It turns out, however, that the disagreements between rank-and-file Clinton and Sanders supporters on policy issues were relatively mild. The really big disagreement was specifically on the question of whether or not politics is a “rigged game.”


There was obviously nothing Clinton could do to compromise around the fact that she was very much a central member of the American political establishment. So any news story that hit on this theme of rigging was inherently dangerous to the cause of party unity. And the Russians behind it did a good job of using false-flag tactics to frame the issue, raising “rigging” concerns from a Sanders-esque left-wing perspective rather than from a right-wing Trumpist perspective even though the purpose was to help Trump.

Russians timed and framed this well

Had the DNC emails come out earlier, they would, of course, have been an issue in the 2016 primary campaign. And while it’s conceivable that they would have helped Sanders win the nomination, it’s more likely that he still would have lost. Either way, they would have been part of the campaign, and the convention would have been an opportune moment to put the disagreement in the past.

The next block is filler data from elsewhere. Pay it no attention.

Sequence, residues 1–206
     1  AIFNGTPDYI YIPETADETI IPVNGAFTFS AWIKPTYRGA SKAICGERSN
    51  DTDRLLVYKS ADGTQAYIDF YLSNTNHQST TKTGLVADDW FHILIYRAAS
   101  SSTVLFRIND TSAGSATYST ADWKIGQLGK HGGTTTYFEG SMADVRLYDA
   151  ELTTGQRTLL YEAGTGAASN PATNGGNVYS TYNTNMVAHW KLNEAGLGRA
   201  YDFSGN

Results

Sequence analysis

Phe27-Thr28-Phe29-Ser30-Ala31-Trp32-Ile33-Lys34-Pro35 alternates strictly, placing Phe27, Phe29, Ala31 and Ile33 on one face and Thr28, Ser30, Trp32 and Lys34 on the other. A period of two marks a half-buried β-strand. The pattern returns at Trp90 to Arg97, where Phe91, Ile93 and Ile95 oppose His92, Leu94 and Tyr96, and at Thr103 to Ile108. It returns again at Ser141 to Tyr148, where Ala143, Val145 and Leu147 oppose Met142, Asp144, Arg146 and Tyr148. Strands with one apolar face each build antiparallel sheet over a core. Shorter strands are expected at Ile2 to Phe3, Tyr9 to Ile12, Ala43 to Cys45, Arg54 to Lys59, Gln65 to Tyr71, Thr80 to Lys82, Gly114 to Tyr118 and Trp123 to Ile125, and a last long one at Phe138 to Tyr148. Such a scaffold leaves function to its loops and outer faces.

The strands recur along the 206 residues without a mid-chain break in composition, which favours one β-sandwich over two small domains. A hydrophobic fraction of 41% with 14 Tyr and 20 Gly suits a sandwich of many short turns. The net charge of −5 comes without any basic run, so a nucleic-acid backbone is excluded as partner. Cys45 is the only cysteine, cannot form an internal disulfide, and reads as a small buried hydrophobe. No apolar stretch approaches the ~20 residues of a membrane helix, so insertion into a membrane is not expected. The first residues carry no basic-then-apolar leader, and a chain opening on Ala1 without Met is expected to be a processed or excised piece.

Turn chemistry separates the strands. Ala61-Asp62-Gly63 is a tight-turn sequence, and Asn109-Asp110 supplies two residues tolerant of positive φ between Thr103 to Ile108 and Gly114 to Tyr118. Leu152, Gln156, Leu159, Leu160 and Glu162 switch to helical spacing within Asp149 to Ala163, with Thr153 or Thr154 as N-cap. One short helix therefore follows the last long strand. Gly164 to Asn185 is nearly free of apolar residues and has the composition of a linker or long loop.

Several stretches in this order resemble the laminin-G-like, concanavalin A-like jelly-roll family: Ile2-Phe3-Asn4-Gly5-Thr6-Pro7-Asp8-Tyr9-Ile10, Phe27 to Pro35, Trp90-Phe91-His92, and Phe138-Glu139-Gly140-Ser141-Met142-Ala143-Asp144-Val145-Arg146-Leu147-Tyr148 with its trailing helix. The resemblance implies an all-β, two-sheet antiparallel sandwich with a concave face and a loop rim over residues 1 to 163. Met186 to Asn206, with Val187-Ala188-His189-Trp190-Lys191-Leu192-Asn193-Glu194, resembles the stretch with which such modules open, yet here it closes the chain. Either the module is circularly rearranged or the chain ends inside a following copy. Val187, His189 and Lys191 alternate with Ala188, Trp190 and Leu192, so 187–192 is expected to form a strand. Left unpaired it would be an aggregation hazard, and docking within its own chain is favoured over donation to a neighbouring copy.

By raising the issue after the primary was over but before the party had come together in a big show of unity, the emails were released at a perfect moment for making trouble.

And at the time they were released, WikiLeaks’ primary brand in the West was as a left-wing muckraking site — the kind of place to which Sanders supporters might turn for a critical glimpse at the political establishment. Russia’s state-owned English-language media simultaneously offered a steady diet of overheated takes about a rigged primary that were framed as left-wing attacks on Clinton.